Thursday, January 31, 2008

Cynicism Sees a Fallen World.

Microsoft dominates the computer market. One thing that they do very well is design their operating systems in such a way that they can be used by anyone. But it is because of this all too inclusive approach, that the serious computer person often uses Mac OS X or Unix/Linux derived systems. From the geek's perspective, those systems are superior to Microsoft.

One great reason is because the way Microsoft made
their OS's spread the "widest net" was to prevent extreme customization and "tweaking under the hood". Computer geeks, however, like and want to tweak "under the hood". So they use Unix, Linux and Mac systems. It is indisputable that these Non-Microsoft alternatives are superior as far as security.

You can call it cynicism if you want, but I believe that this phenomenon is indicative of what Christianity calls "the curse of sin" in that the more popular (hence the wider the net is cast) something is, the more watered down it generally becomes.

In other words, there is an inverse proportionality between quality and appeal. This is exactly what my Christian worldview informs me to expect.

If Wisdom was as common as "common sense", it wouldn't be valued. It is valued because it is uncommon. I see this effect in commercialization.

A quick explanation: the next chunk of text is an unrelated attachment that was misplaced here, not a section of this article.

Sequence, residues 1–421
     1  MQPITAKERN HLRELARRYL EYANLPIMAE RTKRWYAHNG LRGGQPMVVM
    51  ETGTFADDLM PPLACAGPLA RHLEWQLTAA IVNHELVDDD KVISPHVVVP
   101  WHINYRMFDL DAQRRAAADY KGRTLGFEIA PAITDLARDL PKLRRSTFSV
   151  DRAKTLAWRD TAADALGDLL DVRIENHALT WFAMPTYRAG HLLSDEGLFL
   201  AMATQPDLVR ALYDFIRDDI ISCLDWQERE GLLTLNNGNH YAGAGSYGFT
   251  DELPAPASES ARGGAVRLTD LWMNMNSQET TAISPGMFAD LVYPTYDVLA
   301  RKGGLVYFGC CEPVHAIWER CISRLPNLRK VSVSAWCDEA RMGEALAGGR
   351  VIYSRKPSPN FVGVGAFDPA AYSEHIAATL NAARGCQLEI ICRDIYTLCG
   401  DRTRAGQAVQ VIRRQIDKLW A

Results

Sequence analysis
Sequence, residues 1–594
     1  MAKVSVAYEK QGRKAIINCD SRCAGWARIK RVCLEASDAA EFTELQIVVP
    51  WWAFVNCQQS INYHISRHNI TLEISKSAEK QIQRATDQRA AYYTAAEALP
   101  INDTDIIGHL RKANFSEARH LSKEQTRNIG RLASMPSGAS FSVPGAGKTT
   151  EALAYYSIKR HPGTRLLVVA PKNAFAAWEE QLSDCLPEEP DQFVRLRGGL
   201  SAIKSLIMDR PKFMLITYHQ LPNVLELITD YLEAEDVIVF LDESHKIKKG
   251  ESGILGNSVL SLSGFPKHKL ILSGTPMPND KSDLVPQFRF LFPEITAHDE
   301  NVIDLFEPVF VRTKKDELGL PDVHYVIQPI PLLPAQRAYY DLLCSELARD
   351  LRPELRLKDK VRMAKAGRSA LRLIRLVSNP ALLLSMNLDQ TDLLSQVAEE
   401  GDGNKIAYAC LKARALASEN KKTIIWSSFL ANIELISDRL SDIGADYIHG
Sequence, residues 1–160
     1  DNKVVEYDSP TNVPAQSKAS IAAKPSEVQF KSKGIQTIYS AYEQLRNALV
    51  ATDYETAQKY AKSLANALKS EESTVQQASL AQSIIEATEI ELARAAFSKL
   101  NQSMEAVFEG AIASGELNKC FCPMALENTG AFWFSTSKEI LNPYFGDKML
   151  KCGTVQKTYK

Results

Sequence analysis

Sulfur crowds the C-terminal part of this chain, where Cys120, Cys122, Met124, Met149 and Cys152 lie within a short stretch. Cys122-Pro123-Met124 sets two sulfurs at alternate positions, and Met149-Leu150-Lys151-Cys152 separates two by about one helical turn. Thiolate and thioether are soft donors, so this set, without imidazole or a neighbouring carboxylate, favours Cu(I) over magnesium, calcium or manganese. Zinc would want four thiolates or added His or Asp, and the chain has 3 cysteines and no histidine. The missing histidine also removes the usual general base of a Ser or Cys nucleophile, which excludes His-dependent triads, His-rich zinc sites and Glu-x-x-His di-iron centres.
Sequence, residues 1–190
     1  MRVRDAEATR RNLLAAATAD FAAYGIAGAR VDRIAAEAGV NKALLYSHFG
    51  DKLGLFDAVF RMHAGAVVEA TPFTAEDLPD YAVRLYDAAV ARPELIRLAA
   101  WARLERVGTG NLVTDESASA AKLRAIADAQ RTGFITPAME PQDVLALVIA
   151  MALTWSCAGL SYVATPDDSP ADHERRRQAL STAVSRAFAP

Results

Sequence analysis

Just compare popular music to what music schools study. In other words, the music that the pop culture values is dramatically different than the music that educated musicians tend to value.
I'm not trying to be a snob nor am I casting judgement on people's preferences. Believe me, there are plenty of three chord pop songs that I love (the latest is Celine Dion's "What Do You Say"), but from an educated musician's standpoint, I recognize them for what they are. They are great for getting my toes to tap and putting a melodic hook in my head, but they are far from bastions of creativity or musicianship.

The more creative music becomes, and the greater the displays of excellent musicianship are present, the less popular the appeal of such music tends to be.

If all of this is indicative of a "fallen world" then who can catch us?

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